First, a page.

Tags: Steve Scalise | racism | media

Rep. Steve Scalise Decries Media's 'False Narrative' On His Racial Views

Image: Rep. Steve Scalise Decries Media's 'False Narrative' On His Racial Views
(Kevin Dietsch/UPI/Landov)

By    |   Thursday, 02 Apr 2015 01:05 PM

House Majority Whip Steve Scalise of Louisiana says media worked to create a largely "false narrative" about his racial views after he spoke more than a dozen years ago to a group founded by former Ku Klux Klan leader David Duke.

In an exclusive interview with The Hill, the third-ranking Republican, describes how he has been deeply hurt but has also weathered a storm that he asserts falsely depicted how he feels about race.

He says the media's version doesn't track with his record, which he argues was deliberately left out of coverage. And he's working to repair any upset his actions have caused.

"When you get into this line of work, you're in public office, you expect you're gonna have cheap shots taken at you. That's part of the process," Scalise told The Hill.

"The thing that probably frustrated me and hurt me the most was when there were inaccurate stories written about me or stories that were written that were trying to imply or infer things that weren't true."

The former state lawmaker, who joined the House in 2008, sparked outrage after it came to light that he spoke in 2002 to the European-American Unity and Rights Organization, also known as EURO, founded by Duke.

He has since apologized, noting he made a mistake after initially saying that he didn't realize what the group stood for at the time he accepted the speaking engagement.

"At the end of the day, I also reject bigotry and I reject things that they [EURO] stood for," Scalise told The Hill.

The Hill also reported in January about minutes from a 1996 Louisiana statehouse meeting where Scalise objected to a resolution apologizing for the state's role in slavery.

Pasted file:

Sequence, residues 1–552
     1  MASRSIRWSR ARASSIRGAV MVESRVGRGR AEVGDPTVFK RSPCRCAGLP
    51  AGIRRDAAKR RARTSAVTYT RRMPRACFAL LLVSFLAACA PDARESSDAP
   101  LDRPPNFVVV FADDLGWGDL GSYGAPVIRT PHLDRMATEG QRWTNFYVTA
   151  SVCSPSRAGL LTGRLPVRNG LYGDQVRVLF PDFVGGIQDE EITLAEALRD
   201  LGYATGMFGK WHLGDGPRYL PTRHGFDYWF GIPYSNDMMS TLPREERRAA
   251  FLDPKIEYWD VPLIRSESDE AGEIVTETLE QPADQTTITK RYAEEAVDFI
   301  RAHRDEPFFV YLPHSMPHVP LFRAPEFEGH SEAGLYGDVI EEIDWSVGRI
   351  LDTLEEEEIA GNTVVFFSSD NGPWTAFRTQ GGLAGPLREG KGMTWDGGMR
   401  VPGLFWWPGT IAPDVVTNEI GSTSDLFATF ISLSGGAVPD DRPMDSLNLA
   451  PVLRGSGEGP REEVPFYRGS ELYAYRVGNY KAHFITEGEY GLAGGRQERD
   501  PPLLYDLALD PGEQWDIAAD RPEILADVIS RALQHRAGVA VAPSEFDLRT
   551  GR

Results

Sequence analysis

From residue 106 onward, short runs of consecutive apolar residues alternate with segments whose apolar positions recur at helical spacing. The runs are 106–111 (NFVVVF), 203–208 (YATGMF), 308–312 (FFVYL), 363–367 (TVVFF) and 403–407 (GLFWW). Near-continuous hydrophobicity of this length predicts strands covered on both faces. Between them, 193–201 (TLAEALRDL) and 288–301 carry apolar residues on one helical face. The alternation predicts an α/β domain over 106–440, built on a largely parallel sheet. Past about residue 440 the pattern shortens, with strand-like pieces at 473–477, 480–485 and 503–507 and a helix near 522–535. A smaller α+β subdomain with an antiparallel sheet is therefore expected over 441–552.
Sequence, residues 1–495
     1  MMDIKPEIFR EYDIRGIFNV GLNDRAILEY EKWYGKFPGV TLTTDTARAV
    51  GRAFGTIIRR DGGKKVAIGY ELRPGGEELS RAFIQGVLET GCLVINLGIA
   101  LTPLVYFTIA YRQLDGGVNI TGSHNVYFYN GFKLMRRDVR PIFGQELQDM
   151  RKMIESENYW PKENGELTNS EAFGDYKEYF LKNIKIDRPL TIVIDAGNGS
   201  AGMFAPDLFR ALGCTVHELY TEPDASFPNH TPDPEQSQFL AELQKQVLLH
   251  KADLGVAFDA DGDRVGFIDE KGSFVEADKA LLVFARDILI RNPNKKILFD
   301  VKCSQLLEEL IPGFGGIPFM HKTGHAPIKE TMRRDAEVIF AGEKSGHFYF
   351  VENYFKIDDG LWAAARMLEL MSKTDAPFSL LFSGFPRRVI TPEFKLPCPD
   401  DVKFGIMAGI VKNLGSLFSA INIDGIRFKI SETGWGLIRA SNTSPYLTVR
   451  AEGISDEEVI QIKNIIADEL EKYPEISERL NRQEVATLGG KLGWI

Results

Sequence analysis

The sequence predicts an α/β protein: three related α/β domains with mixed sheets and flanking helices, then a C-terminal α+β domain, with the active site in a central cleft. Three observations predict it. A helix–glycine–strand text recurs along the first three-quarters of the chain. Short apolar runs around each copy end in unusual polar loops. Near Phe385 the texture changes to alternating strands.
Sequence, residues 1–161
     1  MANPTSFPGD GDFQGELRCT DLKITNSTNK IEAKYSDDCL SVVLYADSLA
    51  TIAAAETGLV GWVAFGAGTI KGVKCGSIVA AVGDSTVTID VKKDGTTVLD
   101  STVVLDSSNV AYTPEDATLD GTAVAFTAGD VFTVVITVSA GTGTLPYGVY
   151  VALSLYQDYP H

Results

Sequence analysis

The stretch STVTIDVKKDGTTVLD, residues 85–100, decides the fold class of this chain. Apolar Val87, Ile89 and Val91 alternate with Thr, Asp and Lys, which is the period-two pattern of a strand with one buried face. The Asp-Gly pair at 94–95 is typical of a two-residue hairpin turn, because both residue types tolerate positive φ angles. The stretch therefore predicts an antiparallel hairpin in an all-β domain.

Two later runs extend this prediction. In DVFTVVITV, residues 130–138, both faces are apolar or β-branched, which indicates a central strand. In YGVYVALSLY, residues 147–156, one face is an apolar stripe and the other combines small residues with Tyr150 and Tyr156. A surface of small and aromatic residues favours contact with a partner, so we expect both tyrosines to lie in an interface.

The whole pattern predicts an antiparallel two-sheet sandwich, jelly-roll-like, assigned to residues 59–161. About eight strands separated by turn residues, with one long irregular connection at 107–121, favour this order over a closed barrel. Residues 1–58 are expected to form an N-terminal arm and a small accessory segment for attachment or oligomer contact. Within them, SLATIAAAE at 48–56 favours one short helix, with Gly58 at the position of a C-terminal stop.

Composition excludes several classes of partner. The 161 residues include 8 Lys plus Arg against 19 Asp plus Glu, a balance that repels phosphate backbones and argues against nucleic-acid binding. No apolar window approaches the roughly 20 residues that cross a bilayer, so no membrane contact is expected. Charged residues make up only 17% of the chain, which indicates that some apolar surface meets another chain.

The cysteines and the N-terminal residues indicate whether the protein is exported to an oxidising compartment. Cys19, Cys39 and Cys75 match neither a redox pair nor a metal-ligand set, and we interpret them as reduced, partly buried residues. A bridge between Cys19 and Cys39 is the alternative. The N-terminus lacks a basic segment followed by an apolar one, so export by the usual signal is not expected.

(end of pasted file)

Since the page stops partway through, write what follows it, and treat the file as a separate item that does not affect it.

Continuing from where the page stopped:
According to a transcript, The Hill said he "took exception to being asked to apologize for something the present generation had no part in."

He defended his work with youth from a local housing project before Hurricane Katrina when he coached a basketball team. He also served on the board of Teach for America, a program designed to place non-traditional teachers into inner-city schools, and one he says changed the culture of education in New Orleans.

"We had an almost 90 percent African-American population. And kids that were graduating that couldn't even pass the exit exam, they were being denied opportunities," Scalise told the Hill. "We replaced it with a system of charter schools that have literally transformed not only the system, but have transformed people's lives."

He added of his one-on-one engagement. "The kids I coached, every single one of them, either had a friend who had been shot or killed in drug violence. And these were kids just looking for a way out. One of my kids was shot in a drive-by shooting just standing on his porch. These are kids on the front lines of inner-city violence.

"Nobody wanted to talk about that because it didn't fit the false narrative," he continued. "At the end of the day, I'm really proud of the work I did to help kids get an equal opportunity, and a lot of them have."

At least one black lawmaker, a Democrat no less, has risen to defend criticism of Scalise as racist. Scalise told Politico that he would be "forever grateful" for the support of U.S. Rep. Cedric Richmond, who represents Louisiana's 2nd Congressional District.

"It was offensive, and it hurt me because it wasn't true," Scalise told Politico of racism allegations leveled against him. "There were people that were trying to associate me with something that I reject."

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House Majority Whip Steve Scalise of Louisiana says media worked to create a largely "false narrative" about his racial views after he spoke more than a dozen years ago to a group founded by former Ku Klux Klan leader David Duke.
Steve Scalise, racism, media
594
2015-05-02
Thursday, 02 Apr 2015 01:05 PM
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